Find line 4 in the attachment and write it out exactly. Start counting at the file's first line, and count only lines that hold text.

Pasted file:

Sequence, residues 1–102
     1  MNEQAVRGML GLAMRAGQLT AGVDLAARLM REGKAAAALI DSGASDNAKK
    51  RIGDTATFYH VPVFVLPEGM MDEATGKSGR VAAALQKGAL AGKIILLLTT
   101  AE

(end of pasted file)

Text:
   101  AE